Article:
EXAMPLE 12

Semi-rigid integral foam

90 parts by weight of a polyester diol (OH number 56) of adipic acid, 1,4-dihydroxy butane and ethylene glycol, 14 parts by weight of 1,4-dihydroxy butane, 0.4 part by weight of water, 0.5 part by weight of triethylene diamine and 2 parts by weight of carbonic acid salt II were combined to form a "polyol component". The polyol component thus produced was processed with 52 parts by weight of an NCO-prepolymer (NCO-content 19%) of 4,4'-diisocyanatodiphenylmethane and the above-mentioned polyester diol (OH number 56) in the metal mold described above to form a semirigid integral polyurethane foam. The temperature of the reaction mixture introduced into the mold was 40 C. and the residence time in the mold was 3 minutes.

______________________________________ Mechanical properties:______________________________________Gross density (DIN 53420)                    550 kg/m3Shore-A-hardness (DIN 53505)                    60Tensile strength (DIN 53504)                    9 MPaBreaking elongation (DIN 53504)                    500%Tear propagation resistance (DIN 53507)                    14 KN/m______________________________________

The addition of the carbonic acid salt produced a considerable improvement in the surface of the molding by virtue of which no more dwell zone marks could be seen after immersion lacquering.

EXAMPLE 13

Semirigid polyurethane integral foam

80 parts by weight of a polyether diol (OH number 28), produced by the propoxylation of 1,2-dihydroxy propane and subsequent ethoxylation of the propoxylation product (ratio by weight of PO to EO=85:15), 20 parts by weight of the polyether polyol (OH number 28) according to Example 1, 8 parts by weight of the diamine mixture according to Example 1, 0.2 part by weight of triethylene diamine, 0.15 part by weight of dibutyl tin dilaurate, 10 parts by weight of trichlorofluoromethane and 10 parts by weight of carbonic acid salt II were combined to form a "polyol component". This polyol component was processed with 36 parts by weight of a reaction product of 4,4'-diisocyanatodiphenylmethane and tripropylene glycol, which had an NCO-content of 23%, in the metal mold described above to form a semirigid integral foam. The temperature of the starting materials introduced into the mold was 28 C. and the residence time in the mold was 2 minutes.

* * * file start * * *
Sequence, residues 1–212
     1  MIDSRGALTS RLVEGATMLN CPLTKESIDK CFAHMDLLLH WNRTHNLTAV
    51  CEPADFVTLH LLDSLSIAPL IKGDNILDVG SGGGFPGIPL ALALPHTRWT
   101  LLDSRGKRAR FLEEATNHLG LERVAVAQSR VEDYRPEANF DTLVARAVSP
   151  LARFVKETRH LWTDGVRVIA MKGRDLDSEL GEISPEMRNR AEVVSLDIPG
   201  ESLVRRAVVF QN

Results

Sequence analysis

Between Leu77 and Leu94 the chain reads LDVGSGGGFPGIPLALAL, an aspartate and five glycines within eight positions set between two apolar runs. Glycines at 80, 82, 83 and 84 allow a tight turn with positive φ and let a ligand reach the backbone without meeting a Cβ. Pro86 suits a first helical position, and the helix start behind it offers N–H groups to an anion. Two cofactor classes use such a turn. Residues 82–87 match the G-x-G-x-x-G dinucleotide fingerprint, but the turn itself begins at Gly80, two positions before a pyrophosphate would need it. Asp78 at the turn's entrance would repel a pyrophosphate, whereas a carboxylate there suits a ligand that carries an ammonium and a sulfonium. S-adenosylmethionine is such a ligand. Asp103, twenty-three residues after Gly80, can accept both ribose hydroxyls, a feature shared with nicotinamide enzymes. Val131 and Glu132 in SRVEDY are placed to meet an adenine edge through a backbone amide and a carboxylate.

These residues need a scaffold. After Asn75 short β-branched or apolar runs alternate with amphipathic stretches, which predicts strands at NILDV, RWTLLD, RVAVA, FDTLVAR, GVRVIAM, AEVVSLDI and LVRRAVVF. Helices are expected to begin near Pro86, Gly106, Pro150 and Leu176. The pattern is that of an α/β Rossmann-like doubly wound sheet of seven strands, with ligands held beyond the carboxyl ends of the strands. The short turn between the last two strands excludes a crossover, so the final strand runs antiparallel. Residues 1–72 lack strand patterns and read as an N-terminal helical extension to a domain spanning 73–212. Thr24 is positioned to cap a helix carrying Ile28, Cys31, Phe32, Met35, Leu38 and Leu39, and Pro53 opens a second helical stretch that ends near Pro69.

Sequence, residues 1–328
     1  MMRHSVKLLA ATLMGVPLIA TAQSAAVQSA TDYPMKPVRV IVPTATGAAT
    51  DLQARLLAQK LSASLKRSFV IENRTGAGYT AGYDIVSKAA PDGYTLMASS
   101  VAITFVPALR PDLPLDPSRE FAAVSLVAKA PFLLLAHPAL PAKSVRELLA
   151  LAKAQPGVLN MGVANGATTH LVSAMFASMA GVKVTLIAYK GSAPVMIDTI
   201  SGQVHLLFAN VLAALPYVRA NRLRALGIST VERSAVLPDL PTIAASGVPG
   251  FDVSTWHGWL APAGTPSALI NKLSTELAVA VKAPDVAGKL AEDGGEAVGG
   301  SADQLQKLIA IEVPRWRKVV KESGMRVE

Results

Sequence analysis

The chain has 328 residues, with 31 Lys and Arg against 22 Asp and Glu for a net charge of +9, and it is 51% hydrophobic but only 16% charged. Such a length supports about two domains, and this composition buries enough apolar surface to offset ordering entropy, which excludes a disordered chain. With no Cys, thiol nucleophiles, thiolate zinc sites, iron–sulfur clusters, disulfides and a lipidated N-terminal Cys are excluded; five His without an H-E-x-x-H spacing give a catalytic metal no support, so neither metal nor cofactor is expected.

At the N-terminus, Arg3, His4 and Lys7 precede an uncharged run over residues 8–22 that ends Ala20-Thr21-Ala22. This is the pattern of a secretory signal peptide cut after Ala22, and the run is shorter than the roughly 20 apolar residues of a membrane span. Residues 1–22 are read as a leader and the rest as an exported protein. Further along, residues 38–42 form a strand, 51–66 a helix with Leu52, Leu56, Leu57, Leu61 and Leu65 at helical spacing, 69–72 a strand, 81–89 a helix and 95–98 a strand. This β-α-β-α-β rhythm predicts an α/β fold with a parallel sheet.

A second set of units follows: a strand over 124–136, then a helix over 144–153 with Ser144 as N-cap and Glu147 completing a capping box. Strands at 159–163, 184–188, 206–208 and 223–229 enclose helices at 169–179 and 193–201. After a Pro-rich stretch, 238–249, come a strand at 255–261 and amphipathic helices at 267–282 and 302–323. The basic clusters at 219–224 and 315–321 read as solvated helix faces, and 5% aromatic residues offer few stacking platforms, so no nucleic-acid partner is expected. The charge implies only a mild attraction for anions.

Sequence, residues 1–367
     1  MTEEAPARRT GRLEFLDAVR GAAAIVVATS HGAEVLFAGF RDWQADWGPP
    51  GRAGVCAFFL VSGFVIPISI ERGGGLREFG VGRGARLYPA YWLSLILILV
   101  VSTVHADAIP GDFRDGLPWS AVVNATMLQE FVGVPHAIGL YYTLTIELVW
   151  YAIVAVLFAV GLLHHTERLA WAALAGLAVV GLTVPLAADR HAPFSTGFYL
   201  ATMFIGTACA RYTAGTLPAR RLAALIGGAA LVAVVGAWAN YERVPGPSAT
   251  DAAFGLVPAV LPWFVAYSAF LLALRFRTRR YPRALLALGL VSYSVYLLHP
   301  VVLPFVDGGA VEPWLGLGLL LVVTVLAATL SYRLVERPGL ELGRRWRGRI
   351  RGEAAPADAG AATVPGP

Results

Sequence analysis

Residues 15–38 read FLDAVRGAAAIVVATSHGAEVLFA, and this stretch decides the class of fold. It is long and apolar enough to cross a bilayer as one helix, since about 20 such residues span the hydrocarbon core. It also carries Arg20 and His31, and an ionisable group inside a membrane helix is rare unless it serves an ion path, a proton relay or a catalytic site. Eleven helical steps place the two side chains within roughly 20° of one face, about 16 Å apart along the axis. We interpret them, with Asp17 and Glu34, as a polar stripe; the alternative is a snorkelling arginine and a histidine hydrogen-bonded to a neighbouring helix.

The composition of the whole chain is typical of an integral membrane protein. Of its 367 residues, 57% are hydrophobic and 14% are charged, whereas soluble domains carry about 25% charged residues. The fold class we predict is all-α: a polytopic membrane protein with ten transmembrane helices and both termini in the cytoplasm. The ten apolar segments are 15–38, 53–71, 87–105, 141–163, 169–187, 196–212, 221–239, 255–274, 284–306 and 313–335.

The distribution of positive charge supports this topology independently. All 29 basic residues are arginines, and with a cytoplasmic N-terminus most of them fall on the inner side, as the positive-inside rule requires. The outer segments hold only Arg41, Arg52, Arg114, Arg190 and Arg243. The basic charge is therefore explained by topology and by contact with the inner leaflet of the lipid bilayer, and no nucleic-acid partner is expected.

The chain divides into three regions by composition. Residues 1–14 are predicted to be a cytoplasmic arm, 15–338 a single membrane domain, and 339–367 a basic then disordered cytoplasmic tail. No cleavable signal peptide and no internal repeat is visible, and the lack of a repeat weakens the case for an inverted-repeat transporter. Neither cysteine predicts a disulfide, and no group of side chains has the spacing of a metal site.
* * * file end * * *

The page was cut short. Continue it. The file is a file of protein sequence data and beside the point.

______________________________________ Mechanical properties:______________________________________Gross density (DIN 53420)                    700 kg/m3Shore-A-hardness (DIN 53505)                    60Tensile strength (DIN 53504)                    5 MPaBreaking elongation (DIN 53504)                    450%Tear propagation resistance (DIN 53507)                    14 KN/m______________________________________

Although the invention has been described in detail in the foregoing for the purpose of illustration, it is to be understood that such detail is solely for that purpose and that variations can be made therein by those skilled in the art without departing from the spirit and scope of the invention except as it may be limited by the claims.

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EP0081701A1 *Nov 20, 1982Jun 22, 1983Bayer AgProcess for the production of elastic mouldings
JPS5052175A * Title not available
JPS5692010A * Title not available
JPS5698186A * Title not available
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Classifications
U.S. Classification264/54, 521/51, 264/45.5, 521/163, 264/53, 264/DIG.5, 264/DIG.83, 428/318.8, 264/300, 264/50, 264/45.3
International ClassificationC08G18/32, C08G18/66, C08G18/50
Cooperative ClassificationY10S264/05, Y10S264/83, C08G2120/00, C08G18/503, C08G18/667, C08G18/3265
European ClassificationC08G18/50F2T, C08G18/66P2, C08G18/32B8K6
Legal Events
DateCodeEventDescription
Aug 3, 1998FPAYFee payment
Year of fee payment: 12
Aug 1, 1994FPAYFee payment
Year of fee payment: 8
Apr 11, 1990FPAYFee payment
Year of fee payment: 4
Aug 30, 1984ASAssignment
Owner name: BAYER AKTIENGESELLSCHAFT LEVERKUSEN, GERMANY A COR
Free format text: ASSIGNMENT OF ASSIGNORS INTEREST.;ASSIGNORS:RASSHOFER, WERNER;MEINERS, HANS-JOACHIM;SEEL, KLAUS;ANDOTHERS;REEL/FRAME:004309/0073
Effective date: 19840817